Pitt, CMU Try to Buck Sliding Trend of Women Studying Computer Science

Article excerpt

Her presentation to teenage girls in Point Breeze covered the coolness of computer science.

"It encompasses so many things," Heather Friedberg, 19, a sophomore computer science major at the University of Pittsburgh told them. "You can integrate it into everything."

Cars, special effects in movies, cell phones -- computer science improved all.

Yet at the end of her talk, Friedberg said, one girl asked her: "Are you sure this is what you really want to do with your life?"

Thousands more girls and women today say no to that question than in 1985, National Science Foundation data show. Women received 36.4 percent of computer science bachelor's degrees that year. By 2005, women accounted for 22.2 percent of bachelor's degrees awarded in computer science.

"Computer science is the only science where the percentage of women earning undergraduate degrees has dropped significantly since the early '80s," said Jan Cuny, 57, director of the foundation's Broadening Participation in Computing program, which spends about $14 million a year to attract women and minorities to computer science.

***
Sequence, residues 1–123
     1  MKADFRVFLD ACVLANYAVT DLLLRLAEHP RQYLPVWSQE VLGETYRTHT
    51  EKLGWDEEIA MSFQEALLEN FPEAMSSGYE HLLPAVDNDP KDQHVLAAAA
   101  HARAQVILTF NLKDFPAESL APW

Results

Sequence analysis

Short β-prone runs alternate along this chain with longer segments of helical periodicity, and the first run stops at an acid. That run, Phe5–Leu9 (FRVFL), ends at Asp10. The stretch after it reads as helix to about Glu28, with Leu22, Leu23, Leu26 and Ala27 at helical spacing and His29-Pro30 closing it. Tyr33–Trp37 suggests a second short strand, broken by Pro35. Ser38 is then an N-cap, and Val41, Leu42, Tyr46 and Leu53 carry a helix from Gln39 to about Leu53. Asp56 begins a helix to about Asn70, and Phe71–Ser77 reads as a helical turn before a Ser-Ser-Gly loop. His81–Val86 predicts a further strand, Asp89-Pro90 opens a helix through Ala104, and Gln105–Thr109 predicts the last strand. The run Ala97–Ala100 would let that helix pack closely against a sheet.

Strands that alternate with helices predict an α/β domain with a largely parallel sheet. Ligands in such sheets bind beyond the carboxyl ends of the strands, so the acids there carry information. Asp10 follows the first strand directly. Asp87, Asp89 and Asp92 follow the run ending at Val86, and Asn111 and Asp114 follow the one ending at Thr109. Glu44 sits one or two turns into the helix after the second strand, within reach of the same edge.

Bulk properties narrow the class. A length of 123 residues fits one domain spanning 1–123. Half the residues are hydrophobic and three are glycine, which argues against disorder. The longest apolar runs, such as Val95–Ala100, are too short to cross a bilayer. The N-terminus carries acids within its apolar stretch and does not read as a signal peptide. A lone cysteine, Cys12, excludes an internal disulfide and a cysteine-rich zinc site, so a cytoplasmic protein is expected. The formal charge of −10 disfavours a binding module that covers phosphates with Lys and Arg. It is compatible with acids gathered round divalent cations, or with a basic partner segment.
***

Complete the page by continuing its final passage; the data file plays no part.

Why women turn away from the field baffles computer scientists. Some say the geeky computer scientist stereotype turns off girls when they're in elementary school. Others argue that few female peers causes girls to follow other academic and career paths. The myth of the isolated computer scientist who has no social interaction could steer women away.

Increasing the number of female computer scientists is crucial, said Leigh Ann Sudol, 33, a Carnegie Mellon University graduate student earning her doctorate in computer science education.

"Otherwise, we're losing a huge percentage of smart people in the country to other interests," said Sudol of Squirrel Hill, who taught high school computer science in Bedford, N.Y., for eight years.

That's not an option in a society that relies on computers, said Brina Goyette, 23, a CMU master's student focusing on robotics.

"Computers are what allow us to do so much of our banking -- use ATMs, go to any branch and get money, make credit cards work," said Goyette, a native of Alberta, Canada, who lives in Squirrel Hill. …